UHD50X supports HDR10 and HLG. High Dynamic Range (HDR) is a standard designed to display a higher dynamic range in video signals, showing the image with more brightness and color without losing any details. Hybrid Log-Gamma (HLG) is an HDR system developed explicitly for live broadcast television by the BBC and Japanese broadcaster, NHK. Online video streaming platforms such as YouTube, Freeview Play, or DIRECTV all support HLG format. With this projector, you can enjoy TV programs like World Cup games or Blue Planet at home with stunning HDR effects.

When an HDR/HLG signal is detected, the projector automatically switches to HDR/HLG Display mode. Optoma’s HDR color mapping and tone mapping technology help optimize the projector to get the most out of HDR/HLG movies or games. In addition, the UHD50X allows users to adjust the HDR tone mapping according to the video content or environment.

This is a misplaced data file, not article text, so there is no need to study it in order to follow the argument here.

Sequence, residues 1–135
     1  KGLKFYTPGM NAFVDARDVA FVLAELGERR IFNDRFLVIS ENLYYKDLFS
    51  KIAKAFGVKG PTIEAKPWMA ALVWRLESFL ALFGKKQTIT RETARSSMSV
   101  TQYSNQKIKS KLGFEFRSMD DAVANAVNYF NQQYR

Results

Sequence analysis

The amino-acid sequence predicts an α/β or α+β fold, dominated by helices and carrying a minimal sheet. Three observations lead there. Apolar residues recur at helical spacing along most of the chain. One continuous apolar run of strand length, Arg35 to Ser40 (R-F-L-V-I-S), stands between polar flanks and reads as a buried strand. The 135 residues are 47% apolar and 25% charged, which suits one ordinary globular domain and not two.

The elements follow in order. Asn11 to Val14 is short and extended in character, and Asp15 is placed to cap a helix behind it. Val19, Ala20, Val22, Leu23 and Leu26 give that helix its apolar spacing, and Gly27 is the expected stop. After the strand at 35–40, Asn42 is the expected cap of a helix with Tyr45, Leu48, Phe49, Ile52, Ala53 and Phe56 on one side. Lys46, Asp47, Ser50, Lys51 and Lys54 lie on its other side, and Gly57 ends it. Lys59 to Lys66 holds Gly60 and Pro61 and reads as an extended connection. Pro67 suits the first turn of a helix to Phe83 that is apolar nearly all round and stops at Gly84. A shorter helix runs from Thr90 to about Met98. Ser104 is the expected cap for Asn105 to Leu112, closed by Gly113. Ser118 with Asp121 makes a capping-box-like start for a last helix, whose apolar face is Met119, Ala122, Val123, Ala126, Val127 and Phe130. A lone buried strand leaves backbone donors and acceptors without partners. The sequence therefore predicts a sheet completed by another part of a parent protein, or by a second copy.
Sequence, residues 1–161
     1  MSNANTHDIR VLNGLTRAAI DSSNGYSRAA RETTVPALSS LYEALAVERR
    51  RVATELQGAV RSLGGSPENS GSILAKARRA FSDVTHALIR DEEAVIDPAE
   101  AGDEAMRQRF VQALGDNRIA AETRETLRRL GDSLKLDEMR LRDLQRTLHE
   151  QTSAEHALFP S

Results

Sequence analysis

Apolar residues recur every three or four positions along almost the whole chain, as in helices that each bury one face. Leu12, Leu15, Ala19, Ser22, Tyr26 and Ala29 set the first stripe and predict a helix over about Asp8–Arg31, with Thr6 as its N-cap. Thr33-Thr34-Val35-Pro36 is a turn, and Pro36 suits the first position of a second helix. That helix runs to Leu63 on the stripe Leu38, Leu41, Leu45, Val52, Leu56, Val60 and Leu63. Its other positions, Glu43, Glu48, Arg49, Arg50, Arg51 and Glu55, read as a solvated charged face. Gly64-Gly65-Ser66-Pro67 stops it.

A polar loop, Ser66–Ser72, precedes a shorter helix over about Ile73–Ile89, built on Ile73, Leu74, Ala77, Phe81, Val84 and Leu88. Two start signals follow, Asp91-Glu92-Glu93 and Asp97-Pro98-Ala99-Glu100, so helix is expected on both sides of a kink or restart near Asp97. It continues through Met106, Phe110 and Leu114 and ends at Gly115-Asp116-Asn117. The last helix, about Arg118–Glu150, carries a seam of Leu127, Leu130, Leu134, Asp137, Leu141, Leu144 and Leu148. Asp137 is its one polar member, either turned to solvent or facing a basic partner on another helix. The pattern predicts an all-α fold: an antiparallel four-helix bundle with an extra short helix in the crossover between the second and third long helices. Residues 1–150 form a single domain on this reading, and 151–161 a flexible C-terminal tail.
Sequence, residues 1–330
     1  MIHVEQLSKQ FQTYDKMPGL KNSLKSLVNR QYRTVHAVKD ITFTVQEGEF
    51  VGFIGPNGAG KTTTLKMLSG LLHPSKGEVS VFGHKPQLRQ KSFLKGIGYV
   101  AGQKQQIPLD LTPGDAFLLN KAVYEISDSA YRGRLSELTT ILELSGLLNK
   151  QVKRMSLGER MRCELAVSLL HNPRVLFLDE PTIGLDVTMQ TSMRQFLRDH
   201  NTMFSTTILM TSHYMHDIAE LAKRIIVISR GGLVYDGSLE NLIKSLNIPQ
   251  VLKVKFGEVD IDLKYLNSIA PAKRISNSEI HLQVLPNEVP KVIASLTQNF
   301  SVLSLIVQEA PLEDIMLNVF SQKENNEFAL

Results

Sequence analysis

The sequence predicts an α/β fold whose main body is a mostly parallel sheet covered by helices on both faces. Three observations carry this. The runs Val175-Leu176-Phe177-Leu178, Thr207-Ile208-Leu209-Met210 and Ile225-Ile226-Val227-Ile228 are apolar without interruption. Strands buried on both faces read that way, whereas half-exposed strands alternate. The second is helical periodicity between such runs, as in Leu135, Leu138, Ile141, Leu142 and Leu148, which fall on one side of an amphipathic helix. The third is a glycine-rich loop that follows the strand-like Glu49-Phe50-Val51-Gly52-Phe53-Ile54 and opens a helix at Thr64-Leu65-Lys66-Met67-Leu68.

HDR is really tough to do on a video projector because it’s not as noticeable as on a Liquid-Crystal Display (LCD) or an Organic Light-Emitting Diodes (OLED) display. LCD devices can do things like local dimming, making a huge difference when watching content presented in HDR. I’m not saying that HDR content looks terrible on the UHD50X. Quite the contrary, it looks excellent. The truth is, I wasn’t able to tell much of a difference between HDR content and Standard Dynamic Range (SDR) content at 4K. One of the pleasant surprises was that the UHD50X HDR Sim mode improved content in almost all cases, at least to my eye. The reality is that HDR is hard to do on a projector.


Optoma provides 3D Display mode to resolve the issues related to variations in the brightness of 3D images due to overlapping signals and specialized lenses. When a 3D signal is received, the system directly switches to 3D mode to elevate image brightness and contrast.

The built-in ISF Display Mode allows your calibrator to save your calibrated day, night, and 3D mode settings for the ideal viewing experience.